• Happy birthday Jon Klassen (I Want My Hat Back ), David M. Schwartz (How Much Is a Million) and Maggie Stern (The Missing Sunflowers).
  • It’s the birth date of Louisa May Alcott (1832–1888), Little Women.
  • In 1910 the first U.S. patent for traffic lights was issued. Read Go, Dog. Go! by P.D. Eastman.
  • It’s Square Dance Day. You’re never too old for Barnyard Dance by Sandra Boynton!

On November 29 we celebrate the birth date of one of America’s most beloved authors. Madeleine L’Engle was born in 1918 and throughout her life faced many obstacles, including roughly twenty-seven rejections of the book that made her famous, A Wrinkle in Time. Her father was a troubled man—she frequently spoke of him in public as someone who had been gassed in the trenches during World War I. In fact his problems stemmed from alcoholism. She would also loose a son to that disease. And yet L’Engle endured these hardships and even triumphed by writing through her problems. An abiding religious faith led L’Engle to a position of Writer-in-Residence at the Cathedral of St. John’s the Divine in New York.

For those who want to understand this complex woman, Leonard S. Marcus has published a fascinating volume: Listening for Madeleine. Marcus interviews more than fifty people and gives each one a chapter in the book as he explores the many facets of L’Engle’s personality. Some people give testimony about Madeleine as a young woman; others talk about her professional life; and family members provide a more intimate portrait. Although no single interview can be used to depict L’Engle, when the pieces are read together they reveal a  fascinating, often contradictory, personality. Genealogical researchers are often told to find enough material so that they could go up to an ancestor and shake hands with them. At the end of this book, readers will feel they could recognize L’Engle because she emerges as a real flesh-and-blood figure.

The art of interviewing is often unappreciated. Hours of interview taping can lead to only one or two pages in a final book. Material needs to be arranged and rearranged. Leonard Marcus has always been brilliant in this format, and he is at his best in this book. Leonard uses his own questions sparingly, only to provide transitions with the material he needs.

Everyone will, no doubt, have a favorite section of the book. I first read the part on L’Engle as writer. Other writers, such as Judy Blume, testify to L’Engle’s crusade for First Amendment rights. Publishing insiders—James Cross Giblin, George Nicholson, Patricia Lee Gauch, Bridgit Marmion, Sandra Jordan, Beverly Horowitz, Neal Porter, and Stephen Roxburg—give a sense of L’Engle as a professional writer.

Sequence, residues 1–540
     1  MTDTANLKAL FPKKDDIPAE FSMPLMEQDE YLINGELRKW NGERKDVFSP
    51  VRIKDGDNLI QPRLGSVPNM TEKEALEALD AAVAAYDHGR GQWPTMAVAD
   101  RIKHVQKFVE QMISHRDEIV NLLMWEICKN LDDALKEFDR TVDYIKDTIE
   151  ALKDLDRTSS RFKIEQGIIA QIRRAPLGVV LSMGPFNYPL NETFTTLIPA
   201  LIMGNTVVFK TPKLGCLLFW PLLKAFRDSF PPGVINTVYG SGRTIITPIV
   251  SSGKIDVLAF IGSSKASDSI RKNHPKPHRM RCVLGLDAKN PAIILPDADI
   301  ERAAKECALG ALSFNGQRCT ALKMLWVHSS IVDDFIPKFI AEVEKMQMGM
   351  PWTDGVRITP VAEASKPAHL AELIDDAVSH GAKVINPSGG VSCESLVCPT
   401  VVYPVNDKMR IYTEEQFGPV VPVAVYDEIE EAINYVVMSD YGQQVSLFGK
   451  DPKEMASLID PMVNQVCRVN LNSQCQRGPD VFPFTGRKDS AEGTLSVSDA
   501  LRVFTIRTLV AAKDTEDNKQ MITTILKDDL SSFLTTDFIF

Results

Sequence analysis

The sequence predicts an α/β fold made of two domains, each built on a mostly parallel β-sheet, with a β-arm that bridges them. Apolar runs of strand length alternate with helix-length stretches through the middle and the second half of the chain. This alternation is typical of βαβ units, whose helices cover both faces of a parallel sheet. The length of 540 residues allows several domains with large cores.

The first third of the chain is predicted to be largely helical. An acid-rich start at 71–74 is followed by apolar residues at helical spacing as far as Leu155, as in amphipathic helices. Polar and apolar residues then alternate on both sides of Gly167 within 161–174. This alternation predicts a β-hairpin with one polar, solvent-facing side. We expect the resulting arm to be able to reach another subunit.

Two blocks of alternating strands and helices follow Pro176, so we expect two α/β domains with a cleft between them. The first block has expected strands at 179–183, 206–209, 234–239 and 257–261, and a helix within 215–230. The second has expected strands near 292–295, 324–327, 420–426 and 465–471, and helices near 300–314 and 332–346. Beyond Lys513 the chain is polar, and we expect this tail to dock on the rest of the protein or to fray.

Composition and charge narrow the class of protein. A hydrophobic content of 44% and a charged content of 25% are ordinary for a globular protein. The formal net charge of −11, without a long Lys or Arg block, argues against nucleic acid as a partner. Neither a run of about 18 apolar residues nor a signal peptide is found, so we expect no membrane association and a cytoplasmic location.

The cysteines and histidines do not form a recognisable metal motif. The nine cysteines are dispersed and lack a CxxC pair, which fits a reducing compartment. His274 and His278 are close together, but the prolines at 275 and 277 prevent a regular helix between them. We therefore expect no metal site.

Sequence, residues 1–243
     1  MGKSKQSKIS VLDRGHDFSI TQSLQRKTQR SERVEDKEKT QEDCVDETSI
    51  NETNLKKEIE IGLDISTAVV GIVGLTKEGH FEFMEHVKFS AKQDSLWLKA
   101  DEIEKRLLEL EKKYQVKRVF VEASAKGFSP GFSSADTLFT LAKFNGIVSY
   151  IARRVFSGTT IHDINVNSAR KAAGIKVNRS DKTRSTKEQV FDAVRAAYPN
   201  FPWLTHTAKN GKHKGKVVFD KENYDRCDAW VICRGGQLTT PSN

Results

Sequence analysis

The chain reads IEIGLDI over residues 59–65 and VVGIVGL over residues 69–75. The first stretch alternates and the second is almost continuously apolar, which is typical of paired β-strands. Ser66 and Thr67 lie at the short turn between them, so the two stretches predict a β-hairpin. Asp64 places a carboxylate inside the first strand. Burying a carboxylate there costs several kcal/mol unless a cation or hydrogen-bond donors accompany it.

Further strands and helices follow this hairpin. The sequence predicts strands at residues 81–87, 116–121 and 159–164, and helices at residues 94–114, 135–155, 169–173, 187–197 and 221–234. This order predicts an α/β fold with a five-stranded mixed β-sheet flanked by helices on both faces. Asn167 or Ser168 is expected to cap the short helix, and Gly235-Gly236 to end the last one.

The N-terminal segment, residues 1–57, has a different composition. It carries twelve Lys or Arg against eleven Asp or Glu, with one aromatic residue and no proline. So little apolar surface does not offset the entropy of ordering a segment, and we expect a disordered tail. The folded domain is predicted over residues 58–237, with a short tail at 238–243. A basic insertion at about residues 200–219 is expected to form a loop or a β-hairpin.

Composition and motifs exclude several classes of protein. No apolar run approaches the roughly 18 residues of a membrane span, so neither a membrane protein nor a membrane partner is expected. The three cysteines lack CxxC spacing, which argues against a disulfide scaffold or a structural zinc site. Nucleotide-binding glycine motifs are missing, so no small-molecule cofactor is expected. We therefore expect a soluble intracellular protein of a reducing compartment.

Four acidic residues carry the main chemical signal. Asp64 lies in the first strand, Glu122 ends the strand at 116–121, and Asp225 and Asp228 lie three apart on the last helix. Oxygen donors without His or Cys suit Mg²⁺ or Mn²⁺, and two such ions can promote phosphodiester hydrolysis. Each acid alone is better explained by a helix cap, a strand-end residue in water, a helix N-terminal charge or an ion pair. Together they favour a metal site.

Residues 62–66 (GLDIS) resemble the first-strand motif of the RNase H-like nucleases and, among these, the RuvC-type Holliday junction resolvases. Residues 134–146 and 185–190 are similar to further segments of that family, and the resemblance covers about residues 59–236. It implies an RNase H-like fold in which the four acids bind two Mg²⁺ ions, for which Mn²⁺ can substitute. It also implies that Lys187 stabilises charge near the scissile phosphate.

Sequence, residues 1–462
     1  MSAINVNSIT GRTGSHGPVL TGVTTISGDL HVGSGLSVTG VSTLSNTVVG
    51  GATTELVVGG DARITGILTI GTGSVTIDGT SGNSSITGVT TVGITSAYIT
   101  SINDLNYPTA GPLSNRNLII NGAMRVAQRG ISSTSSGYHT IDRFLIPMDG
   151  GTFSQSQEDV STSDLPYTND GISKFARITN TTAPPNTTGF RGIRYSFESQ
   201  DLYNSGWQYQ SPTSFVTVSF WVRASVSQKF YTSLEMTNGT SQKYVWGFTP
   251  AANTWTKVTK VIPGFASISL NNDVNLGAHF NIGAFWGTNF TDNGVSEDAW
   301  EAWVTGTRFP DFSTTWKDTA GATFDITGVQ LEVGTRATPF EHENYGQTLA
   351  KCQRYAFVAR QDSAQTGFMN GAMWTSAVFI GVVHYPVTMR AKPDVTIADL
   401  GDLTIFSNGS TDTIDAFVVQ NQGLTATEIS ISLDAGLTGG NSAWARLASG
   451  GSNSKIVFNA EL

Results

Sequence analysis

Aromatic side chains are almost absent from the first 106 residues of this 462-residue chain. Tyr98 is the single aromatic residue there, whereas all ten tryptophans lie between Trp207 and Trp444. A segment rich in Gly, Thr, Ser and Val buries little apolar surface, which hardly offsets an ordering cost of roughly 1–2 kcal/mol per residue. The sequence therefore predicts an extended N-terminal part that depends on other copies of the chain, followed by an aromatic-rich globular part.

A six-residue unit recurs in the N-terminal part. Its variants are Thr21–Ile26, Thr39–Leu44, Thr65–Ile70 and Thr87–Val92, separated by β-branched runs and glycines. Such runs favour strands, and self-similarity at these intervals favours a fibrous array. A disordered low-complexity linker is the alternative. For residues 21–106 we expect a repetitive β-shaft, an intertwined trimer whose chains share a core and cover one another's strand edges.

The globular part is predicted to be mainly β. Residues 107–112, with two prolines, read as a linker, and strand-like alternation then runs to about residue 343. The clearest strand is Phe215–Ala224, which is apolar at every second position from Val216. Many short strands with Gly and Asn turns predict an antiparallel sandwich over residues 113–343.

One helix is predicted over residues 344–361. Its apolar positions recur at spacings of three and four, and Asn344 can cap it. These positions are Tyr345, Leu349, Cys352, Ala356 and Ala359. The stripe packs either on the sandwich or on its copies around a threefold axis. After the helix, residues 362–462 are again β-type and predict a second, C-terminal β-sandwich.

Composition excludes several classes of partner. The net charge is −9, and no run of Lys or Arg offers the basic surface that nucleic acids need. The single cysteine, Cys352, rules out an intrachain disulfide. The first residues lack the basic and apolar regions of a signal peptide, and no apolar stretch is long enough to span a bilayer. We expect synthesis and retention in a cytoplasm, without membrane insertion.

Anyone who has been celebrating the 50th Anniversary of A Wrinkle in Time  this year will want to pick up this volume. It is the next best thing to having dinner with Madeleine L’Engle herself.

Here’s a section from Leonard Marcus’s introduction to Listening for Madeleine:

For L’Engle herself, winning the Newbery Medal proved to be a liberating experience on several accounts. It gave her the professional validation she had been hungering for throughout the years of self-imposed exile in Goshen. It cemented her relationship with Farrar, Straus & Giroux, a distinguished literary house where she would have the freedom to experiment across genres and readerships. It substantially boosted both her current income and her long-term financial prospects, and as invitations to speak at library conventions and schools all around the country began to pour in, it gave her a new platform from which to perform in public and a whole new world of librarian and educator friends.

Originally posted November 29, 2012. Updated for .

Tags: Award Winning, Family, New York, Newbery, Women
Instructional materials from TeachingBooks.net for Listening for Madeleine


  1. Chris says:

    I believe today is Jon Klassen’s birthday too.

  2. Anita says:

    Chris: Yes, thanks for reminding me. I’ll add him in.

  3. McCourt says:

    Thanks for the recommendation. I had not heard of this book before and it sounds like a fascinating read about an author I’ve always admired. I’ll definitely look it up!

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